We already know that one of Donald Trump’s big goals is to “repeal Obama-care” the Affordable Care Act. Along with this is the Medicaid expansion for people whose income is too low to qualify for the Affordable Care Act Insurance Market, large numbers of working poor who otherwise are cheated out of health insurance benefits by greedy big corporations who employ them often at starvation wages, cut their hours, and pull other ploys to avoid providing them any long-term job stability and financial security just to pay the top brass more. He has even stated that he’d like to do away with a minimum wage altogether! (Clearly he’s not looking out for the American worker’s best interest, but instead the interests of big corporations).

if-there-were-no-minimum-wage-employers-would-pay-nothing

We already know that Donald Trump is unsympathetic/unempathetic to the plights of undocumented immigrants who have often had to flee deadly drug cartels and other terrorists on an emergency basis to come to the US for safe refuge.

His comments regarding Latinos are especially heinous referring to them in such derrogatory terms as killers and rapists , casting aspersions upon the Mexican Government as if to imply that infiltrating our country with unsavory characters were their intent! 

He kicked a New York Times reporter of Latino descent out of an Iowa news conference and had him forcibly removed, and he has made derrogatory remarks about former candidate Jeb Bush implying that he was unfairly biased for Spanish speaking people because his wife was Latino. Most distubing of all anti-Latino comments was his response when confronted with a situation in which a Hispanic man was beaten in his own home by Trump supporters; stating that his supporters were “passionate”.

No, I’m sorry to break it to His Highness, but THAT’s not merely “passionate”. THAT is a HATE CRIME! “Passionate” is peaceful protest, or a civil debate of the issues.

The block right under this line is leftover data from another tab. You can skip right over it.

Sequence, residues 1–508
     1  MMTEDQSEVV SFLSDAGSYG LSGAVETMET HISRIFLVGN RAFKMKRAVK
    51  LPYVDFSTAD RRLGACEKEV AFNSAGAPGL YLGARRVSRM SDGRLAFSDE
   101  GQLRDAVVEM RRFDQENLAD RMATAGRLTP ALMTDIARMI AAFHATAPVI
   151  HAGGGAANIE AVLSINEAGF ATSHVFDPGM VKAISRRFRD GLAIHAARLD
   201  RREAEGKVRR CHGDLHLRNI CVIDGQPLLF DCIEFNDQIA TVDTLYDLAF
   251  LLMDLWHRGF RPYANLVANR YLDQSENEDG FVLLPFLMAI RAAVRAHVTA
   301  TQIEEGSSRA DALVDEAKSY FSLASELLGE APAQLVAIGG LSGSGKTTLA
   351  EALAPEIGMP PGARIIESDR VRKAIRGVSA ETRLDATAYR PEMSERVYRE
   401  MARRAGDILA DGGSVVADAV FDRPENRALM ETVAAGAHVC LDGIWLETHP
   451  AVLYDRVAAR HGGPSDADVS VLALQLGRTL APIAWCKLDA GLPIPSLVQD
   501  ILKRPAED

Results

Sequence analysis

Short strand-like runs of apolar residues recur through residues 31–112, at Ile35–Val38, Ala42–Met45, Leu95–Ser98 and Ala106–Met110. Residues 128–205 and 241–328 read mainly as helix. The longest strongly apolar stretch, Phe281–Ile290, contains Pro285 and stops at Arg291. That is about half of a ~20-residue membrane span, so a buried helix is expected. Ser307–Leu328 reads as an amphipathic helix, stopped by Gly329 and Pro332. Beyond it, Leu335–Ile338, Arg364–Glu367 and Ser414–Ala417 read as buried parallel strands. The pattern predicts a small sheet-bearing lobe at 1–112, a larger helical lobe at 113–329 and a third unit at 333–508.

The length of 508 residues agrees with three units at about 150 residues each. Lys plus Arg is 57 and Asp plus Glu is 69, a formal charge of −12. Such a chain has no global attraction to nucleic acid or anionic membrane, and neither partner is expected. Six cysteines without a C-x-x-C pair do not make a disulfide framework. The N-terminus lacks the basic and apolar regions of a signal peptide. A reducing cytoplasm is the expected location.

His blithe response and gross minimization regarding this act of discrimination, hatred and violence is dangerous in that it has the effect of normalizing something that should never be socially acceptable in a civil society! It tells others out there who do not want to control their anger and who believe the rules and laws don’t apply to them that violence is OK as long as you are doing it in the name of a belief (however instrinsically immoral it may be). The now President Elect almost seemed to gloat over the fact that such violence could be passively incited in his name.

We must ask ourselves; if he’d turn his head to this sort of hate crime how many other civil rights issues will he turn his head to as President?

And it’s not only immigrants he disrespects. It’s women, too. I think most of us have seen at least a few off-color comments he’s made on the news or on Twitter, coverage of his intention to reduce a woman’s right to free choice and other equal rights issues for women such as opposing equal pay in the workplace, but you may not have been aware of this very graphic video which caught blatently sexist and denigrating comments he made about/against women here .

trumps-denigration-of-women

Notice here that Trump dismisses the severity of his salacious remarks and fails to take responsability for his clearly treating women as though they were objects to be conquered for his own narcissistic gratification. He only apologizes that anyone “was offended,” not that he did it. Sound familiar??? It’s the same sort of non-apology Emory Healthcare issued in their letters which stated “sorry you aren’t satisfied.”

And speaking of big corporations; Trump has on numerous occasions stated his intention if elected to roll back regulation on big corporations, so it is likely that what happened to me is not the last time this atrocity will happen to an innocent patient, and the offending healthcare corporations will get away with it. If anything our country is in need of more regulation of big corporations; not less!

corporate-greed

They’re already running rough-shod over us individuals and the fox is charged with guarding the henhouse leaving big gaps in justice for those with little power in our society. Funding has already been cut to state and local programs such as Legal Aid, and to federal programs charged with going to bat for people who find themselves discriminated against and stuck out in the cold.